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Home > Sunday Mid Day News > This Mumbai walk throws light on Mankhurds Lallubhai Compound to spark conversations about life in the colony

This Mumbai walk throws light on Mankhurd’s Lallubhai Compound to spark conversations about life in the colony

Updated on: 28 May,2023 09:29 AM IST  |  Mumbai
Christalle Fernandes |

ComplexCity, an initiative of the Youth for Unity and Voluntary Action (YUVA), organises a curated city walk in Mankhurd’s Lallubhai Compound to spark conversations about life in the resettlement and rehabilitation colony

This Mumbai walk throws light on Mankhurd’s Lallubhai Compound to spark conversations about life in the colony

The walk is a snapshot into the lives of the 45,000-odd residents of Mankhurd’s Lallubhai Compound

Over 45,000 residents stay in 70 buildings spread over a sprawling rehabilitation and resettlement community known as Lallubhai compound in Mankhurd. This same space, teeming with life and activity, is also the site of ComplexCity’s curated walks which show people from the rest of Mumbai the other side of their own city.

“The aim is to give diverse people a space to interact with each other,” says Doel Jaikishen, a representative of the Youth for Unity and Voluntary Action (YUVA), which ComplexCity is a part of. YUVA, a non-profit organisation that aims to provide marginalized urban residents with access to ‘their rights to the city’, has been curating these walks since 2018 to shift the narrative around resettlement colonies. They organise 12 walks a year, six in Lallubhai Compound and six in Malad’s Ambujwadi, to draw attention to the issues of housing and fragmented access to amenities that residents of these areas have been facing.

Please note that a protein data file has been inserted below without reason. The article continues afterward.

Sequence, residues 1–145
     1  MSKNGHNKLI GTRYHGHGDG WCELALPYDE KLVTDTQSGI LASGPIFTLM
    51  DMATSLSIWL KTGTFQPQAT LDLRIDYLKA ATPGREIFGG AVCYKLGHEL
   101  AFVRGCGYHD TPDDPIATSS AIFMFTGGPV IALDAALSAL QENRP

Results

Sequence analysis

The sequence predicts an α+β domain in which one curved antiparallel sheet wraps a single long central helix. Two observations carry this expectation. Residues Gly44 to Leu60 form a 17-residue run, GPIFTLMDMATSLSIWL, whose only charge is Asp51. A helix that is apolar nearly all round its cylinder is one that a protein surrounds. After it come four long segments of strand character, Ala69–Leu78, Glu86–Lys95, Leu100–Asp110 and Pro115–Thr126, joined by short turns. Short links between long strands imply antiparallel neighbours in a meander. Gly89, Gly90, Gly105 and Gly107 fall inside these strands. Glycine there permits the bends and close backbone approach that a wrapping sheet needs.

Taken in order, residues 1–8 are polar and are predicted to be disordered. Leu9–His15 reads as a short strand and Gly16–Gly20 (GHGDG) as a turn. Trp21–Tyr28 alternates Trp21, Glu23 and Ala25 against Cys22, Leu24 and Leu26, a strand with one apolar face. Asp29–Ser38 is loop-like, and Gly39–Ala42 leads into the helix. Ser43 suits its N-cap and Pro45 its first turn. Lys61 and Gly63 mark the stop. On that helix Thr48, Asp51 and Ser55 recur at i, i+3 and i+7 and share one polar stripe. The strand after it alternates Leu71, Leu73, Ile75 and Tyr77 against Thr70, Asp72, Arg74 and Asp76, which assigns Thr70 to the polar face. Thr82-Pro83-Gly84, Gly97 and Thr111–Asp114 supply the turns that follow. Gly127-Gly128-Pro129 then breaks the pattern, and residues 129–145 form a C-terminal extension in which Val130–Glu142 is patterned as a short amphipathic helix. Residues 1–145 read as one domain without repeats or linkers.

The walk in Lallubhai Compound starts out from the local Buddha Vihar, a space for Neo Buddhists from the colony to gather. Children from the Bal Adhikar Sangharsh Sangathan (BASS), a children-focused initiative of the compound instituted in 2002, primarily lead the walk, pointing out the issues and quirks of the spaces they’ve grown up in. At the third stop on the two-hour walk, as participants pick their way through a narrow alley between buildings, the issues of housing and development are brought to the forefront.

Prakash Bhaware, who is the the project lead of the walks, explains that during the resettlement process of 2004-05, when new highways and bridges were being constructed in the city, residents of bastis (informal settlements) from all over Mumbai were sent to stay in the colony.  Job losses and abrupt halts in the education of the young people were adverse effects that the resettlement brought in, as many found it financially unviable to travel to their old workplaces from their new homes. 

Further, children lost their spaces to play and were suddenly forced to make do with whatever empty patch of ground they could find between the still settling colonies. Today, BASS organises street plays, entertainments, and programs on these themes, including cricket matches, and plays such as ‘Lallubhai, tujha majhyavar bharosa nahi ka?’, depicting the problems of life in the compound.

“The whole idea is to tell stories of spaces with the people intimately associated with them.” Jaikishen says, talking about the need to have “a visceral experience” of the spaces to understand how life for the residents unfolds. “The walks are interesting because they provoke a lot of questioning, and the participants even come back much later to find out how they can stay connected with the community.”

WHEN: June 03, 7:30 AM
WHERE: Buddha Vihar, Lallubhai Compound, Mankhurd
PRICE: Rs 330

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